What does Mnangagwa’s dismissal mean for Zimbabwe’s mutating political landscape?

Mnangagwa’s networks within the party and state administration insulated him to some extent from Mugabe’s machinations and the clear intent of the first lady to bring him down. By mid-2017, it was clear that the G40 was in fact Mugabe’s own project (albeit one he may not have full control over), employed along with his wife as a foil to contain Mnangagwa’s ambitions. As the noose tightened, the crude choreography of accusations against him crescendoed into a series of public humiliations, during which he was accused of disloyalty, deceit and tribalism. It all pointed to his inevitable removal. Yet, inexplicably, he hung on, seemingly without a coherent plan and unable to convincingly push back.

G40 acolytes in the provinces have drawn up a list of Mnangagwa allies they want purged. This includes long-time State Security Minister Kembo Mohadi and recently fired Finance Minister Patrick Chinamasa, who has been the public face of re-engagement with international financial institutions. Some may be expelled from the ZANU-PF, but most will be enmeshed in internal disciplinary processes that will significantly frustrate any possible organised pushback from within ZANU-PF’s provincial structures. A purge of senior civil servants perceived as aligned to Mnangagwa also is expected.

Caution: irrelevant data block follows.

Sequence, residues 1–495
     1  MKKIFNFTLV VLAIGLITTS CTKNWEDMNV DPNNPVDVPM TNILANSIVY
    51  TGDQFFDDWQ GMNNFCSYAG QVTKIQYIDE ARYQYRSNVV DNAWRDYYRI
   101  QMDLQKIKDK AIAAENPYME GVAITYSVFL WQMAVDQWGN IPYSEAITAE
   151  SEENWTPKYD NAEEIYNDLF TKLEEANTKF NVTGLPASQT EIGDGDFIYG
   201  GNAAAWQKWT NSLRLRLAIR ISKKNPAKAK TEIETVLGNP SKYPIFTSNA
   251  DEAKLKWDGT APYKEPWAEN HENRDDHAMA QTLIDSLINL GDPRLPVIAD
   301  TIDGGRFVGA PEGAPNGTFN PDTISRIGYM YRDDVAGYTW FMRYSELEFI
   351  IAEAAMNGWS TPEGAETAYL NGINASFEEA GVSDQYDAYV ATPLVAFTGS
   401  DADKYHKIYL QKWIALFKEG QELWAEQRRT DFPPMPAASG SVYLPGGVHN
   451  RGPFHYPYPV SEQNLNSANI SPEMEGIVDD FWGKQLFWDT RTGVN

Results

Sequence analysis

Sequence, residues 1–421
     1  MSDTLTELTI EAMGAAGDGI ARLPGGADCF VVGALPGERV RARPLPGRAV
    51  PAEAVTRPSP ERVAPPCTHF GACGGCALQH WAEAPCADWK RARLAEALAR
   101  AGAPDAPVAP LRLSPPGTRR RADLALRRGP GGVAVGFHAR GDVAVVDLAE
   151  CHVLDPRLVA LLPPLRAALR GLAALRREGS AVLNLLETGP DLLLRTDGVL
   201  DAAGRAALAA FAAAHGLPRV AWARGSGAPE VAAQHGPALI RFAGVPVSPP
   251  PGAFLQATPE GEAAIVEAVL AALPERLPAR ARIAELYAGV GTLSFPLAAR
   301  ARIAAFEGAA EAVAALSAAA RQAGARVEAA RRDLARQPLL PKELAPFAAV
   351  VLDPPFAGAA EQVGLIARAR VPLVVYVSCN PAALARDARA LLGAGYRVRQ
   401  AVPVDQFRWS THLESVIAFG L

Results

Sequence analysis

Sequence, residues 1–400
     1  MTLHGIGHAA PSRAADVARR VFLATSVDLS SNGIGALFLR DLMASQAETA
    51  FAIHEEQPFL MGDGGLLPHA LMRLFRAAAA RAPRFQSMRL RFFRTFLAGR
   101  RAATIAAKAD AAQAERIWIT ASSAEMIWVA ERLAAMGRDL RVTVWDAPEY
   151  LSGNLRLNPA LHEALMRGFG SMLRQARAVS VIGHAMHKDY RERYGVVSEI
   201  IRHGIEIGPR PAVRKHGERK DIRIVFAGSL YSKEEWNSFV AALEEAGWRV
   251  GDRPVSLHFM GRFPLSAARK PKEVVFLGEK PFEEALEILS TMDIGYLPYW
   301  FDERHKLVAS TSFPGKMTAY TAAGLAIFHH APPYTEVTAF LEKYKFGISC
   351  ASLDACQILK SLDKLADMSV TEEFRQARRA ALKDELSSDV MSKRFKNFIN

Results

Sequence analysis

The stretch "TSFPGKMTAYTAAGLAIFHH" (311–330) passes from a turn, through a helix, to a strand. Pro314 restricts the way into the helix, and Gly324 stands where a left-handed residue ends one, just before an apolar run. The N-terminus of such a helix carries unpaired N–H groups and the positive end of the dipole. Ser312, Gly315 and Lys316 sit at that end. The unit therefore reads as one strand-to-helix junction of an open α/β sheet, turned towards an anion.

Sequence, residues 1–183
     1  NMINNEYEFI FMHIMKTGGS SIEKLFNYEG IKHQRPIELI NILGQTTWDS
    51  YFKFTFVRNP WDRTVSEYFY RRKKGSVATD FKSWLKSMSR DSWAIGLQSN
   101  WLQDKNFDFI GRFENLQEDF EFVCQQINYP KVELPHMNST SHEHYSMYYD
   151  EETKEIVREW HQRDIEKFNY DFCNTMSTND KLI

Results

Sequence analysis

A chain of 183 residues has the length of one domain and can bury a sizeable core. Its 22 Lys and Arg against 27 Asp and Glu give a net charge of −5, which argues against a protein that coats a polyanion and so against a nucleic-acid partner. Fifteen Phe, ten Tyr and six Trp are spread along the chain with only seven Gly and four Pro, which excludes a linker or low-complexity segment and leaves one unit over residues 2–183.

President Mugabe turns 94 in February and remains the party’s presidential candidate for the 2018 election. What kind of succession is he planning and will he support the elevation of his wife, Grace Mugabe, to the vice presidency?